It was just a matter of time. Philippe Coutinho is off to Barcelona. As a Liverpool fan, it was the same song with different words. The similarities between the Little Magician’s impending departure and Luis Suarez’s weren’t lost on us. But being back in Europe gave us a collective hope that this time was different. Alas, it is wasn’t. His tenure in Liverpool red is over.
Those in the Liverpool family say the report is bunk. Coutinho is not for sale. Barcelona should save their energy and pursue other avenues. Yet, they said the same thing about Suarez. The circumstances around the striker’s wanting out were much different (biting, racism accusations, etc.), but he still got his way out. Barca made the deal too sweet for Liverpool to say no.
Until now, it seemed as if Barcelona was chasing Coutinho in a purely one-way manner. He was a target of theirs but the feeling wasn’t mutual. Now that the Brazilian has put in a transfer request, we have gone from the noble fighters to the blockers of a dream. It can turn that quickly.
The £81.6m (€90m) fee is roughly a third of the Neymar money Barcelona has burning a hole in their pocket. That sum is almost ten times the amount Liverpool paid Inter Milan in 2013. It’s good business. Business is a dirty word to a football fan though. We want the best at any expense and another’s money isn’t as good as ours.
Under Klopp, Liverpool wants to shed the image that they are a selling club. But that just isn’t the case. At least when a Barcelona or Real Madrid come calling. Though it pains my soul, Chelsea and both Manchester clubs aren’t callers Liverpool would hang up on either.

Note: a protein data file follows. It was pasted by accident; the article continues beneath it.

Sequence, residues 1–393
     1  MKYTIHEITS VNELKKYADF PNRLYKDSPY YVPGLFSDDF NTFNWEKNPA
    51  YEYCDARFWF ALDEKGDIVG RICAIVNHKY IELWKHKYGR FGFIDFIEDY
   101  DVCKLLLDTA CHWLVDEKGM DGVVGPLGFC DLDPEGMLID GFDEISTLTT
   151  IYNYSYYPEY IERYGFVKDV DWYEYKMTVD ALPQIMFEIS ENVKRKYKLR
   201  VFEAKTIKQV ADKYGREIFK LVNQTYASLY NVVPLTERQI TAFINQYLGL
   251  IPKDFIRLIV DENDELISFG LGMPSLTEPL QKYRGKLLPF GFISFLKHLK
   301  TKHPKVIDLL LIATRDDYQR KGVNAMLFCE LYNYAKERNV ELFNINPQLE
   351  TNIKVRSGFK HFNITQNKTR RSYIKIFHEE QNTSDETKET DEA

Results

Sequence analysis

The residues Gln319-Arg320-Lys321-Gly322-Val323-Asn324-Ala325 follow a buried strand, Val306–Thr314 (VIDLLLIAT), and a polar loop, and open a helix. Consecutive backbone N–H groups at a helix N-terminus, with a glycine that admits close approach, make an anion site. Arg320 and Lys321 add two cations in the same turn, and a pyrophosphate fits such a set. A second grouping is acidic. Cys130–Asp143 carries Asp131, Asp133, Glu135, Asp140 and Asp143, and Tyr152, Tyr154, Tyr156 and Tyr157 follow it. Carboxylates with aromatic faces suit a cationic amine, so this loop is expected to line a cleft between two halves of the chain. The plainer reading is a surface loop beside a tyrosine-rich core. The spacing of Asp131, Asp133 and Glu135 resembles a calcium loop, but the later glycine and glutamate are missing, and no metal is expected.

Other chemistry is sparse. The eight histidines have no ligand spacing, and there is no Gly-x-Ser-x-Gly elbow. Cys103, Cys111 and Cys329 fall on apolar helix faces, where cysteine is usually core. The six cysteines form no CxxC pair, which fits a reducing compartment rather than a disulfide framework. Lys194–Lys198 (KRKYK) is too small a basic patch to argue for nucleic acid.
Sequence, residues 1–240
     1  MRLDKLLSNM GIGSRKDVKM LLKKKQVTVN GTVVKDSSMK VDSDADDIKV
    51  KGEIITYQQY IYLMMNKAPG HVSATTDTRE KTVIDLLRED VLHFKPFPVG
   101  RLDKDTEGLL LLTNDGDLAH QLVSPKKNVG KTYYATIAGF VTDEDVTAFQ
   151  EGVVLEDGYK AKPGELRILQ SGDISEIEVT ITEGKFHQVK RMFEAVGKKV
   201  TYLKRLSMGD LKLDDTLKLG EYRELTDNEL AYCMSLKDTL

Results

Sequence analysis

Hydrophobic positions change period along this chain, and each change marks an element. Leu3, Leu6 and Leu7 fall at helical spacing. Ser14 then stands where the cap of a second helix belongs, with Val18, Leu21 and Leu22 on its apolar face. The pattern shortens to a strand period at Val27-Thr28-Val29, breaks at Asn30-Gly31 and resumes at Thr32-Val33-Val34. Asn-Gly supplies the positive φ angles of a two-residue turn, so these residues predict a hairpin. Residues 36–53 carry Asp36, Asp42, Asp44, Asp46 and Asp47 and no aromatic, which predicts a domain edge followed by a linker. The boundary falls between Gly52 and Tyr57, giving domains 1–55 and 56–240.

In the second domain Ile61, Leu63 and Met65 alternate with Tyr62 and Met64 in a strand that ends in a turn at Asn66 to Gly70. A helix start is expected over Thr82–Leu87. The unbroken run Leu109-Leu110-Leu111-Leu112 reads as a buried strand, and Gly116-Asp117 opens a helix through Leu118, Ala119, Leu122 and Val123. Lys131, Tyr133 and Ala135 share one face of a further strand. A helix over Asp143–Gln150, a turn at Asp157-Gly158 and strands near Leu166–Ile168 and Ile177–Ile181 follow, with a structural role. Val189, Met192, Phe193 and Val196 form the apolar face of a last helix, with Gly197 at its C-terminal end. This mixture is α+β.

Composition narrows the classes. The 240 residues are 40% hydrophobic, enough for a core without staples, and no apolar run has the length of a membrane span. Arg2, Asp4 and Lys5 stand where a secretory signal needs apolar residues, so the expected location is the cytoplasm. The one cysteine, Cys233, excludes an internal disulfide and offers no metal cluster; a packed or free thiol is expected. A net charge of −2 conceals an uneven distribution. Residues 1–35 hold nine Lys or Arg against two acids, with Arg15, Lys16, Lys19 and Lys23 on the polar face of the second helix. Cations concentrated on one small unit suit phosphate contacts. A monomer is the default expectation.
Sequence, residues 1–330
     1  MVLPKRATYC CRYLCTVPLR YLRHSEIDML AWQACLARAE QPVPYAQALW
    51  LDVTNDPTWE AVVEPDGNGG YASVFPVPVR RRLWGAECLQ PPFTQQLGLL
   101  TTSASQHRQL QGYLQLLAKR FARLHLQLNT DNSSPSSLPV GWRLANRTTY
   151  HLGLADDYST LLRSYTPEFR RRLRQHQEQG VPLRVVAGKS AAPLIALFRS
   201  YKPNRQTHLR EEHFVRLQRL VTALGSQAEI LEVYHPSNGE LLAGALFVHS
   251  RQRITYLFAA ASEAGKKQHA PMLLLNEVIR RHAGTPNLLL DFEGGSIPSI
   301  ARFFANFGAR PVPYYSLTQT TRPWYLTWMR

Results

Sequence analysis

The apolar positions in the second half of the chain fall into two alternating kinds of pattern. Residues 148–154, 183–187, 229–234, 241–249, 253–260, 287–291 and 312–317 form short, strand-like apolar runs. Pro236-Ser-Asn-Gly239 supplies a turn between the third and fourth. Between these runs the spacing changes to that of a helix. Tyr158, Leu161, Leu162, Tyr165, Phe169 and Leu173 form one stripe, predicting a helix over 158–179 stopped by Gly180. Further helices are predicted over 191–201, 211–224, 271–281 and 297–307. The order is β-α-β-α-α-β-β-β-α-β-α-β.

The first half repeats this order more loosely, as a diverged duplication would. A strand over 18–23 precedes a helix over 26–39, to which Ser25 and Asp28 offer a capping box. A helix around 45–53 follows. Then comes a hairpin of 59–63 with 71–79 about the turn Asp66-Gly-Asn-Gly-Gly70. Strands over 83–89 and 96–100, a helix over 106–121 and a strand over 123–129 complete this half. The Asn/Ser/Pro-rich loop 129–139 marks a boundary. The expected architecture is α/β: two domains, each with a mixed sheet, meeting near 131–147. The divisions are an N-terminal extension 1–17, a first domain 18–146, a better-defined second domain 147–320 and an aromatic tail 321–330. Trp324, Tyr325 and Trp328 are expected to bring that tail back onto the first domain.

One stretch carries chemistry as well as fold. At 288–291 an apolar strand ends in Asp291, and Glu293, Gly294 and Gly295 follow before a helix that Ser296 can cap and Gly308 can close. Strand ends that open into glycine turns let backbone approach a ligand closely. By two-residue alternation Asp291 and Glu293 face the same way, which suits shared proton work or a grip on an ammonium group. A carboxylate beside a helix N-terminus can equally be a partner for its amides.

I, like many others, believed that a return to the Champions League would be at least a temporary tonic for ownership. A display that Klopp’s tactics, man management, and transfer policy could produce results would give them enough of a reason to ward off suitors of their best players.
But selling Coutinho is good business. I just wish that the club didn’t back themselves into another corner before realizing that. There is less than a week to go before the start of the season. The summer transfer window will close at the end of the month. Bringing in an adequate replacement at this juncture isn’t going to happen, quite the same way they gave themselves no time to find goals when El Pistolero left for the Camp Nou.
This is a problem facing clubs all over the world. They lack a knowledge of their place in their sport’s hierarchy. I am not saying that things can change over time. Ask a Golden State Warriors fan how the late 90’s and mid-00’s were for them? But failing to be self-identifying of one’s current status is damning.
On the pitch, Liverpool proved last season that they can go toe to toe with anyone in the Premier League. In fact, the bigger the game the better they played. But off of it, at this moment, Liverpool is not a power broker and barring a change in philosophy from their American owners, they won’t be for the foreseeable future.
I am extremely sad to see Philippe Coutinho leave Liverpool. He has been one of my favorite, if not my top favorite, players at the club over his four seasons at Anfield. But I recognize what Liverpool is in today’s footballing landscape. Financially they are on the level of the teams they have been doing business with. They should be ecstatic to work out a deal with Roma and not surprised to be rebuffed by Red Bull Leipzig. The Little Magician era in Liverpool is Countinhover.